Monday, June 24, 2013

A Week in Kinshasa

By the fifth rooster crow, I (Gavin) finally convinced myself to look at the clock.  5:13 AM only.  It was still dark out, yet the city was already alive and as noisy as ever.  The constant melodies of car horns, the rhythmic songs of street vendors, the repetitious chants of taxi “door men,” the base-line grumble of large trucks, and, oh yes, the Roosters were all reminders that I was waking up in a strange place.  Each city has its own symphony, Kinshasa’s runs for 18 hours a day, everyday.  The hotel that I stayed in didn’t provide mosquito nets, and despite my early morning haze, I could already feel a dozen welts on my face and arm beginning to itch and throb.  At this point, there was no going back to sleep.
The city of Kinshasa is the capitol of the Democratic Republic of the Congo and home to some seven or eight million people.  Nobody really knows the exact population because the last census was taken more than 20 years ago.  Two wars and the following economic decline of the last two decades have sent people streaming to the capitol by the hundreds of thousands.  Today the city is busting at the seams, despite the governments best efforts to keep up.  This was no more apparent than in the area of transportation.  In the short time that I had already spent in the capitol, it was clear that public transportation was a major problem.  While thousands of aging, decrepit vehicles remained in near gridlock 16 hours a day, thousand of people walked along the sides of the streets for miles on end.  If this city’s symphony it its noise, then its metronome is the multitude of pedestrians marching slowly and steadily along the road. 
I went to Kinshasa for the purpose of obtaining our resident visas, which will allow us to live here more easily and for a longer period of time.  During my weeklong stay I was unable to receive the visas, but I did have the opportunity to visit with the DS, pastors, and believers in that area.  It was amazing to watch them slip in and out of the music and movement of life here.  Although I did get the chance to venture out and see the city some on my own, I know that I would have been lost without their wisdom.  After five months I am beginning to feel truly at home in Lubumbashi, however Kinshasa was still completely foreign to me.  Being there for this short time forced me to think about trust in a new way.  So many times we say that trust must be earned.  But what about those times when you are forced to trust a stranger; forced to put your well being into someone’s hands that you don’t know?  My trip to Kinshasa was a reminder to me of all those who have helped us along the way; all of those in whom we have been forced to place our trust without first having the ability to earn it.  It has been a blessing, although it hasn’t been easy.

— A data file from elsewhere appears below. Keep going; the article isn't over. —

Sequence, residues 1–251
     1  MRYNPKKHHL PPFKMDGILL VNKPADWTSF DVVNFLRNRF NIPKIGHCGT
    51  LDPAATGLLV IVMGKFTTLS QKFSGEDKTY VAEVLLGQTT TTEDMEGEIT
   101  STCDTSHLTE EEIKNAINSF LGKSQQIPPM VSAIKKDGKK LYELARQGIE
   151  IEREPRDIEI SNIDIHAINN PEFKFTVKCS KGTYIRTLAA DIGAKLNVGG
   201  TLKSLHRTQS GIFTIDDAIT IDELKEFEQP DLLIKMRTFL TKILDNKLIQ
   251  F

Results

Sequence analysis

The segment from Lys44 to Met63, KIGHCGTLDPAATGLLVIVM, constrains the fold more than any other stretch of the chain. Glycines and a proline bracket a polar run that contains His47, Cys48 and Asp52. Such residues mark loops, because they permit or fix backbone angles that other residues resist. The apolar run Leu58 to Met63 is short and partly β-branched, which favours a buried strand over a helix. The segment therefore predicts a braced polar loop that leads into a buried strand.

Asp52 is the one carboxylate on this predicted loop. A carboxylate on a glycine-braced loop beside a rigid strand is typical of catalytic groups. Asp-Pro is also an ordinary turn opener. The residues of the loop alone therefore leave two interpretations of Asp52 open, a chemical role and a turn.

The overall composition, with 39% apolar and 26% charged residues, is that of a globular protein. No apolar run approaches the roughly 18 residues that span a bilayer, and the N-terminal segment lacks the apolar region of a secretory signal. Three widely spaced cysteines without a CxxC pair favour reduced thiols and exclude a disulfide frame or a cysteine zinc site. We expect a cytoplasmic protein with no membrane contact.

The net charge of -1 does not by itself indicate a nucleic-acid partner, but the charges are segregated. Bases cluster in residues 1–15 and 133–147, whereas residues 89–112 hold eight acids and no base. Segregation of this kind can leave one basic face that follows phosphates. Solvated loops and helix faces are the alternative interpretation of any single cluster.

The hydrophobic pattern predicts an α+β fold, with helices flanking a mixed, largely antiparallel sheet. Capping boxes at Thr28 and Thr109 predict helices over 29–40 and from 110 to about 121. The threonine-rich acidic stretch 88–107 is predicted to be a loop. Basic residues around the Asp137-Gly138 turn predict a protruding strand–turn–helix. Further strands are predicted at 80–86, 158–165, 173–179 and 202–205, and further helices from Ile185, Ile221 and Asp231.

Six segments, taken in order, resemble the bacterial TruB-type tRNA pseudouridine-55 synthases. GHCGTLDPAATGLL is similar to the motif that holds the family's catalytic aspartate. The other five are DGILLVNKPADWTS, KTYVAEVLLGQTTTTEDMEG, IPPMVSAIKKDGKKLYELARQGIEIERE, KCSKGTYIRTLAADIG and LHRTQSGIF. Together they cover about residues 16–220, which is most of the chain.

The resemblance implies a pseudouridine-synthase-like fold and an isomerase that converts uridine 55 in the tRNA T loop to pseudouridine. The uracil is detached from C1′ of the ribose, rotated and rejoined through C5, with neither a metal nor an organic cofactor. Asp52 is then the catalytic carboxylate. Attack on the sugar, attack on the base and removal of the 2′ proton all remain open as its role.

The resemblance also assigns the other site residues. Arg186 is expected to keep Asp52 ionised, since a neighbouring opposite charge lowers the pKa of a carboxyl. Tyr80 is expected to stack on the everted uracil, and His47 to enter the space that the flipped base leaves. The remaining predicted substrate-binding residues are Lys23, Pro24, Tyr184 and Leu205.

For example, I left our four passports in the hands of a man in a government building who seemed a bit shady.  Further, I had to leave our passports in Kinshasa and head back to Lubumbashi.  I am trusting a Nazarene pastor, whom I’ve known for less than a week to go back and pick them up for me.  Then, he will mail them to us in this country that has no official postal service and where shipping can be risky.  And to top it all off, another week has gone by and there is still no word.  The official countdown is nine days.   We have nine days left to legally live in the country.  But, what turns this into a blessing is that fact that when we are trusting these people (and systems), we are really trusting in God.  If our visas come, or don’t come, we will trust God to take us down the right road.  An added bonus is that when this is all over, we will be closer to our brothers and sisters in Christ, who live in Kinshasa. 
This is just one example, a very recent and desperate example nonetheless, of how we have had to put our trust in God and others throughout this journey.  But we have found that giving trust builds relationships, an important thing for foreigners in a strange land such as ourselves.  Pray for us as we continue to wait for our visas and as we continue to put our trust in those whom we have just met.  God will provide, God is faithful.

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